Bill Cosby

Bill Cosby, PBS Pioneers of TelevisionActor and activist Bill Cosby cut his teeth as a comedian who got his start in television as one half of a groundbreaking duo on the crime drama, “I Spy.” Cosby and co-star Robert Culp quietly changed the dynamics of television when they portrayed two spies — one white, the other African-American — who masqueraded as a tennis pro and his mentor.

“I Spy” was the first time America saw an interracial pairing on television in which both characters were cast as equals. The two actors decided early in the 1965 premiere season that they would make a statement about race relations by not addressing the groundbreaking casting choice at all. Cosby and Culp would portray a world where ethnicity wasn’t a factor.

“[Cosby] came in and he said, ‘Listen, our television series is a statement by being a non-statement,’” remembers Culp. “I said ‘Done,’ and we shook hands on it and we never talked about it again.”

While Cosby struggled with his acting technique in the first few episodes, he soon hit his stride, and the on-screen chemistry and naturally funny banter between Culp and Cosby resonated with the American public. “I Spy” also relied on filming in exotic locales — including Venice, Tokyo and Madrid — to keep the show fresh and interesting.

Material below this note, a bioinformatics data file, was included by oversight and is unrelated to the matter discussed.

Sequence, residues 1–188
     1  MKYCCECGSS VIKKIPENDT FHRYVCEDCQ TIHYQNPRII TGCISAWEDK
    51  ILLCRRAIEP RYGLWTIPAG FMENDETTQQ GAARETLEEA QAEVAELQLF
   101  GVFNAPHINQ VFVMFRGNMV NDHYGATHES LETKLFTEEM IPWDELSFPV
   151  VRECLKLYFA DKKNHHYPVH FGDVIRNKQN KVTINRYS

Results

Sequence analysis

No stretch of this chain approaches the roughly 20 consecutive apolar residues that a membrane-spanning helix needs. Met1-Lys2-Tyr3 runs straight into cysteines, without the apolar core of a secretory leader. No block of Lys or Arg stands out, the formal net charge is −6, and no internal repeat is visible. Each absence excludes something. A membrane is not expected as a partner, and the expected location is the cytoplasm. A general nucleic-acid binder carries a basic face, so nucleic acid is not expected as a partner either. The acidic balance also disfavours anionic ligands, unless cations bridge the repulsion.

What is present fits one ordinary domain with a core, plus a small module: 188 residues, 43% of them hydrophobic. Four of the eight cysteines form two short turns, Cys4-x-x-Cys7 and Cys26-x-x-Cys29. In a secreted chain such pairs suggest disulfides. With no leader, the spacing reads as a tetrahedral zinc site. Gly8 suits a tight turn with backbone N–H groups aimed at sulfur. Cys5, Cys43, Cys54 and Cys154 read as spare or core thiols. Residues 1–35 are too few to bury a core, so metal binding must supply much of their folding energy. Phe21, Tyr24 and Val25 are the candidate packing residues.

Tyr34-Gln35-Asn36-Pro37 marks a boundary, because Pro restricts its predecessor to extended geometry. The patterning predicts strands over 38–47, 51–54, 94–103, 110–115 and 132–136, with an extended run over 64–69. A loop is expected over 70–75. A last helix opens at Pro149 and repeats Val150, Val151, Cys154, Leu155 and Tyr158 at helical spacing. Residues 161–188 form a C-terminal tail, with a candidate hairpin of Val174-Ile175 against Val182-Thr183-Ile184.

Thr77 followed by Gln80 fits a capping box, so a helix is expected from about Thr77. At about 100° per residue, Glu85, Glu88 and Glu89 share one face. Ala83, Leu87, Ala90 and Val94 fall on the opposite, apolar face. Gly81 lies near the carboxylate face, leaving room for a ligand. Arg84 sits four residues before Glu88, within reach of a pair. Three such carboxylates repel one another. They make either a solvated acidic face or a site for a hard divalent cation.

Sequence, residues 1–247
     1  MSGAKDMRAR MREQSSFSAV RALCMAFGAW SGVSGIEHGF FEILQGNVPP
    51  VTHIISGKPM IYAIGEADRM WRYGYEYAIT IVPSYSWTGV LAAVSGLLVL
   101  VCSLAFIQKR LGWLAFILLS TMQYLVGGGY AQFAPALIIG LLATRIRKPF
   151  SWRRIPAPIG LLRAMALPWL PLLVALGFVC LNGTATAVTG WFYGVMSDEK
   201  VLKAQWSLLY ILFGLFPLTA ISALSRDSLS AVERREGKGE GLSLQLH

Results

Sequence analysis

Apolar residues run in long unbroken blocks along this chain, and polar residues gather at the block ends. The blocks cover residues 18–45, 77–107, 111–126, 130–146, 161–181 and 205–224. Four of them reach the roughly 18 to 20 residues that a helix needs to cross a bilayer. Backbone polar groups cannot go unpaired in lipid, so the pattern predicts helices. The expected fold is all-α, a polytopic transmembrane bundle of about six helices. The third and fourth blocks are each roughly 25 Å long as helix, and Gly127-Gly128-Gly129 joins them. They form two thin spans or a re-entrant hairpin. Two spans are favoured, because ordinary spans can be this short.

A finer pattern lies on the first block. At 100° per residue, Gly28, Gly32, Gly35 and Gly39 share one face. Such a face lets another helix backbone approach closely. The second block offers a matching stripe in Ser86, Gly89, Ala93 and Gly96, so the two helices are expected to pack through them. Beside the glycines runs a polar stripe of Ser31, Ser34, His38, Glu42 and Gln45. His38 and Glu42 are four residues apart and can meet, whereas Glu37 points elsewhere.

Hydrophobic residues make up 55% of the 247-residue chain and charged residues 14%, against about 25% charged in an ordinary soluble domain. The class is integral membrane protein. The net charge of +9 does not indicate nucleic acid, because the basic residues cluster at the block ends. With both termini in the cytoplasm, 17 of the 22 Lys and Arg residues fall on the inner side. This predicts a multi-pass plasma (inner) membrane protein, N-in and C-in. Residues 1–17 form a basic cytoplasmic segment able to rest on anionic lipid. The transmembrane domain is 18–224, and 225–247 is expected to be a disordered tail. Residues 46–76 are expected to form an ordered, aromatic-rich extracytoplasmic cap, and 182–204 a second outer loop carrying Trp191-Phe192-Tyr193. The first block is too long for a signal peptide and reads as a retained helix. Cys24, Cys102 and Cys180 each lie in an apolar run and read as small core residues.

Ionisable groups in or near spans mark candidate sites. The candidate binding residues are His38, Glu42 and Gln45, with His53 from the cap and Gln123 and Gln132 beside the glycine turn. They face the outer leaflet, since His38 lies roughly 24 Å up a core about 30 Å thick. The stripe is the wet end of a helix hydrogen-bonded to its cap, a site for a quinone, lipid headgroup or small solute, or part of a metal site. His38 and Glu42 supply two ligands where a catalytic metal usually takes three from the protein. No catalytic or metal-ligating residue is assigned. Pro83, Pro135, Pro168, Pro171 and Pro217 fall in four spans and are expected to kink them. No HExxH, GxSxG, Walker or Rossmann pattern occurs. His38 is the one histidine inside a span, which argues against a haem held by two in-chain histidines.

Cosby Focuses on Education

Cosby went on to make a name for himself in children’s television programming, becoming a regular cast member on “The Electric Company,” an educational program aimed at elementary school children. In 1971, Cosby developed and debuted an animated children’s program, “Fat Albert and The Cosby Kids.” This pioneering program showcased a cast of inner-city kids who used imagination to deal creatively with the challenges of childhood. The result was a hit show with a powerful message.

“I wanted to take just the opposite … of what heroes look like. [The lead character in Cosby’s animated show] ‘Fat Albert’ was thought to be this laughing, joking, very kind of shy person who was … thought to be … dumb because he was fat, because he was slow. I’m talking about the stereotype here: Because he was fat, he could not do anything; because he was fat, he was in the way during athletic events, clumsy and fell down. So that was ‘Fat Albert’ … We put him there and made him the leader of the group; brought out that he was the intelligent fellow and kept the gang together. We put all these guys together and used them to solve problems with a great deal of love and care and intelligence.”

Cosby had another television mega-hit in the 1980s when he created and starred in “The Cosby Show,” a situation comedy about an affluent African-American family. The show paved the way for a series of shows that featured minorities in lead roles, including “A Different World” and “The Fresh Prince of Bel-Air.”

Cosby has varied interests in jazz music and education, and earned a doctorate of education from the University of Massachusetts in 1976. The actor wrote his dissertation on the educational uses of children’s television, with a special focus on his show, “Fat Albert and the Cosby Kids.” Today, Cosby continues to advocate for children’s education.